Could Ettore Messina (left) be the Spurs’ next coach when Gregg Popovich retires? (NBAE via Getty Images)
Ettore Messina had taken a sip from the NBA cup before when he was a consultant on Mike Brown’s staff with the Lakers for the 2011-12 season.
This time is like opening wide, throwing back his head and drinking it all in.
“The Spurs,” he said with a grin. “It is a familiar taste.”
A comfortable fit, like a designer Italian suit.
The team with nine international players from seven different countries now adds another bit of overseas flair to the mix with an assistant coach with a worldly resume.
The 55-year-old Italian has won four titles in his home country, four Russian League titles, four Euroleague championships and was named one of the 50 greatest contributors to the Euroleague.
“He’s a smart guy, a helluva good coach and a very interesting man,” said Spurs coach Gregg Popovich. “Why wouldn’t you want somebody like Ettore to be around your team?”
Fact is, Messina had been around the Spurs once before. When he abruptly quit as coach of Real Madrid just before the Euroleague playoffs in the spring of 2011, Messina accepted an invitation from the Spurs to come to San Antonio and travel with the team.
After his season in L.A., a return to coach CSKA Moscow, this is more of a commitment as a full member of the coaching staff as the Spurs look for new ways to keep moving ahead in defense of their 2014 NBA championship.
It is a reunion with Manu Ginobili, 13 years after the Argentine star was the Euroleague Finals MVP for Messina’s champion team at Kinder Bologna. It was also a time when Messina first was exposed to a young teen-age prospect named Marco Belinelli.
“It is obviously special to have a chance to come to the NBA after these years and be part of a team with Manu and Marco,” Messina said. “But I know so many of the different Spurs player from their time in Europe. In a way, it is like I am coming home.
“It is very, very special to work with Pop, with this club, not only because it happens to be the champion team, but also the team that for us Europeans is closest to our way of seeing things and doing things. To have this chance to return with Manu at the end of his career, it’s very special. At my age you don’t start thinking about building a career or anything. If something happens, it happens. It doesn’t matter. Now it is only about experiences.”
For Popovich and the Spurs, it is only the next step in their determination to leave no stone unturned anywhere on the planet in order to move ahead in their education in the game. They added Messina to the staff in the same summer that they broke another barrier when they welcomed Becky Hammon as the first full-time female coach in an American men’s professional league.
“That’s just Pop,” said general manager R.C. Buford. “He’s open and he’s always hungry and searching for new things to discover about the game and different ways to coach it.”
“It was an easier decision now because Ettore has been with us before,” Popovich said. “I gave him a seat on our team plane and he’s gone on road trips with us. He’s traveled with us before.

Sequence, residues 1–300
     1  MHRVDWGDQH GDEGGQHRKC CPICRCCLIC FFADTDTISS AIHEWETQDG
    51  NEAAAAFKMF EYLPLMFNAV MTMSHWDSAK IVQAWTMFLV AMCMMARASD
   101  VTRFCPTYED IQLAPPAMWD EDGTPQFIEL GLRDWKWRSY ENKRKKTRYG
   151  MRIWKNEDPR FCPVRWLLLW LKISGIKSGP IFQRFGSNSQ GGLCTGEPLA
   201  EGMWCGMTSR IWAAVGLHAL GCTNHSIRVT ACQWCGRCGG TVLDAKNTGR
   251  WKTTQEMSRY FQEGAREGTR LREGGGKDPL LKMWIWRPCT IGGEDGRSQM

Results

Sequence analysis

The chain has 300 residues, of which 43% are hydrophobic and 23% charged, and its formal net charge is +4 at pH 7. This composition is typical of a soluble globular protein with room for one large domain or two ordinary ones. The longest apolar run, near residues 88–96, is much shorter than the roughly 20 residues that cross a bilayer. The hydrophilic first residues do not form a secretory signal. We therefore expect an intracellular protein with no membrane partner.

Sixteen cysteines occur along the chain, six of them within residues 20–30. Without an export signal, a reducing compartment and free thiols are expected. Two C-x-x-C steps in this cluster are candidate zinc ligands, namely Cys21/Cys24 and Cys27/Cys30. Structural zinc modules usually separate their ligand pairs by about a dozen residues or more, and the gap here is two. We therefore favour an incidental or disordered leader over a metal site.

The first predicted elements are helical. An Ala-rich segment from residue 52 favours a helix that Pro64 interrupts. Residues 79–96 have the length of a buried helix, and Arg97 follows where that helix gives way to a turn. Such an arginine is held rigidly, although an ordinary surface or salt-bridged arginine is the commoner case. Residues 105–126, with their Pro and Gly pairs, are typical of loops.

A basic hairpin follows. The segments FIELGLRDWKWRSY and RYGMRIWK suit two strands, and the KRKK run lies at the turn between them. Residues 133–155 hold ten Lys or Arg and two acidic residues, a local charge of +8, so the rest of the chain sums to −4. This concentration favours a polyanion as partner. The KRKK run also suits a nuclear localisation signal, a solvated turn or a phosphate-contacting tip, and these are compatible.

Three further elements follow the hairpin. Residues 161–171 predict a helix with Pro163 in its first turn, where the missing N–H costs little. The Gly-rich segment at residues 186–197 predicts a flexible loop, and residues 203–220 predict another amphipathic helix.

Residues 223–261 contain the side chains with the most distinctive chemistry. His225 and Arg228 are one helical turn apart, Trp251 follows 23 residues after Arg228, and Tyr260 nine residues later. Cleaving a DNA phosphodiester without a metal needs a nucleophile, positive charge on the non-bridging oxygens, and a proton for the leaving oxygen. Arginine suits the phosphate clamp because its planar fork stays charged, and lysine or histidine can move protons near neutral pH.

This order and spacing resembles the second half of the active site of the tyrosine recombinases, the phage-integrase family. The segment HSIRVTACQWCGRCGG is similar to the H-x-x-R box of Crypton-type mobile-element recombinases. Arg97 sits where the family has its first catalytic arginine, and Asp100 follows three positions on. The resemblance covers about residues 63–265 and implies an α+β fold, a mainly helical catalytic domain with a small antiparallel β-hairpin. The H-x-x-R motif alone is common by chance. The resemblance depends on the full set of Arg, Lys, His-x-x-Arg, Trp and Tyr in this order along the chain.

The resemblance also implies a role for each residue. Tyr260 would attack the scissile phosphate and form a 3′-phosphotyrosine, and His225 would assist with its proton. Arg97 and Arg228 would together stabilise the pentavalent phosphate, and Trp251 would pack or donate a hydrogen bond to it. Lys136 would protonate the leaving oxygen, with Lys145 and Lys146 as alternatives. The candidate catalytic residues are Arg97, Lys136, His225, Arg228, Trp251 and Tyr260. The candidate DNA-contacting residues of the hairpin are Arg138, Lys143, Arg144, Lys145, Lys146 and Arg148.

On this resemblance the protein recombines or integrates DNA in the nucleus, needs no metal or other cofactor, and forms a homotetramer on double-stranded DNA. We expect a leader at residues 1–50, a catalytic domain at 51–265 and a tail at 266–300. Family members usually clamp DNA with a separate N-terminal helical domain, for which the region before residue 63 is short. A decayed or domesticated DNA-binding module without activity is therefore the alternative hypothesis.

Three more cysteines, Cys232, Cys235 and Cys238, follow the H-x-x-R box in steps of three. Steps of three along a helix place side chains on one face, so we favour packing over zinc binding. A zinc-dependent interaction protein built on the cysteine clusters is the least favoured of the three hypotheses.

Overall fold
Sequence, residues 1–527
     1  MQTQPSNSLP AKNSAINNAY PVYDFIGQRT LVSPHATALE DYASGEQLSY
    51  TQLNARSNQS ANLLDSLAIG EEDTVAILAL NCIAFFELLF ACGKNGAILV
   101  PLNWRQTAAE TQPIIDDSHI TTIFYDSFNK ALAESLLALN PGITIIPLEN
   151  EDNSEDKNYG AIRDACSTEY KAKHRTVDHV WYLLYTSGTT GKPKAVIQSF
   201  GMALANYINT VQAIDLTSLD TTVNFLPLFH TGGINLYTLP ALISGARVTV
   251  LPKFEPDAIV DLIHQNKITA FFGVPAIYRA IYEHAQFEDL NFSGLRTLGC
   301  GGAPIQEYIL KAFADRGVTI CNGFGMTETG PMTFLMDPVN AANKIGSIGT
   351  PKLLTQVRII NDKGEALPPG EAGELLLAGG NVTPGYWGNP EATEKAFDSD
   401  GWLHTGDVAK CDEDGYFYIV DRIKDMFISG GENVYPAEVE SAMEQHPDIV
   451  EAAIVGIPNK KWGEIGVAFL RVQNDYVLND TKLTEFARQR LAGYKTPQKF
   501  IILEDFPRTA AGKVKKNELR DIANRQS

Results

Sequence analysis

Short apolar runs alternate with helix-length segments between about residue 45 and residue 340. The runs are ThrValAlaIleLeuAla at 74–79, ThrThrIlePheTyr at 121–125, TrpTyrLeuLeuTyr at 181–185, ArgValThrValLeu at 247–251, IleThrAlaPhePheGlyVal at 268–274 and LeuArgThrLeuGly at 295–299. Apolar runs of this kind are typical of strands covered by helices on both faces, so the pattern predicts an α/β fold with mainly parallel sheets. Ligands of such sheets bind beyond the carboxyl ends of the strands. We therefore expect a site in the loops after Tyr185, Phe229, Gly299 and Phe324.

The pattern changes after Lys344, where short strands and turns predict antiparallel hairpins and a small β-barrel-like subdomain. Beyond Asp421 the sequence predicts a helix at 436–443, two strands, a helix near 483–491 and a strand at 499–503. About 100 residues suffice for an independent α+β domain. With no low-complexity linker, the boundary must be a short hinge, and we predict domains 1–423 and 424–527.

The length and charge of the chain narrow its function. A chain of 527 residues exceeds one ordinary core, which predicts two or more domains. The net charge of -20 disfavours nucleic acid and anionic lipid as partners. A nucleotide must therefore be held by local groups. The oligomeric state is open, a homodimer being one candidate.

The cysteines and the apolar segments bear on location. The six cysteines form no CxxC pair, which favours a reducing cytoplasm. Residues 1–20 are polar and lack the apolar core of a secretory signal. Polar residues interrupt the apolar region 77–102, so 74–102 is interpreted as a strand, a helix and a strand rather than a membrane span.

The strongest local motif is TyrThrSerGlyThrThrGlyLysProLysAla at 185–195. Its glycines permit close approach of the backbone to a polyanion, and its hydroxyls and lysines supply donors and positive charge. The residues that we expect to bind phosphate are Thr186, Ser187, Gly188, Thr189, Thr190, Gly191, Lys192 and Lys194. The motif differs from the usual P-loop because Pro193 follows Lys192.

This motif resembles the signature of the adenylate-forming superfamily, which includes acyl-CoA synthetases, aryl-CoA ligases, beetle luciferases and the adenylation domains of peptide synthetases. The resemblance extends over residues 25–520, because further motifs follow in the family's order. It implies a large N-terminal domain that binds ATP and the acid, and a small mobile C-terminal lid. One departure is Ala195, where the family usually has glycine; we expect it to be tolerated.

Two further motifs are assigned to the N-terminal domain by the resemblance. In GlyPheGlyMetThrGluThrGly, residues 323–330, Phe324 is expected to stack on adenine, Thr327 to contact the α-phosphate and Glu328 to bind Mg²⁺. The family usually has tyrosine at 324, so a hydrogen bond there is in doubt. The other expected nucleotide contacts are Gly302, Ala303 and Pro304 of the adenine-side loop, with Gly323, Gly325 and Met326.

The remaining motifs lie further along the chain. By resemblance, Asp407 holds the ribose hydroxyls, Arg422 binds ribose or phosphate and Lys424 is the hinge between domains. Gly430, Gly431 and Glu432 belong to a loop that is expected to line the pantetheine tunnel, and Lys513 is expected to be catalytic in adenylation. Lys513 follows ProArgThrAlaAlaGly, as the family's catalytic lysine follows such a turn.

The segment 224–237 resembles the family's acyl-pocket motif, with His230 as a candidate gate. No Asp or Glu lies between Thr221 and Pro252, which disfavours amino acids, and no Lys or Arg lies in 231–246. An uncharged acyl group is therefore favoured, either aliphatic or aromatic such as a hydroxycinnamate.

“We talk a lot, that sort of thing. He’s a class act, a lot classier and suave than I am. He’s a sharp dude and he knows what he’s doing. Having Ettore here is great for our program and fun for me. (He’s) somebody I can bounce things off and same generation kind of thing.”
Messina has watched from a distance as Popovich exercised his basketball world view and assembled his “Foreign Legion” lineup, using the style and many of the passing game principles that have been a staple of the international game.
“We had to play that style in Europe and South America because we don’t have the kind of size, strength and athleticism in the game that exists in the United States,” Messina said. “I am talking about a generalization, of course. We learned that if we were going to win against those kinds of players, we would have to use skills — passing, keeping the ball moving, shooting, so many of the fundamentals. Those are all the things that Pop teaches here with the Spurs. I must say, it was a joy as a coach to watch the way they played last year, especially in the playoffs. Now I am an assistant coach back at the first step, trying to learn everything.”
Messina says his first experience with the Spurs and now his daily training camp routine in San Antonio continues to dispel many myths that Europeans have about the NBA.
“The thought over there is that the Americans don’t work, that it is all about the individual, about just using physical talent,” he said. “Most people over there think that we worked harder. That is not true. There is a great deal of individual work here in the NBA by players trying to get better. There is concentration on player development by the teams. If you watched the USA team (last) month in the World Cup, you know that wasn’t just a group of All-Stars. That was a team. That’s what Pop has put in place here. Everyone talks here about the ‘European style’ that the Spurs play. You know what? We really spend a great deal of time watching film and studying the Spurs and Pop’s offense.”
With Popovich at 65 and Messina 10 years younger, it might not be so far-fetched to think this could be the progression of the reigning champs’ global evolution — the grooming of the first foreign-born head coach.
It is, after all, how the Spurs conquered the basketball world, one dribble, one country at a time.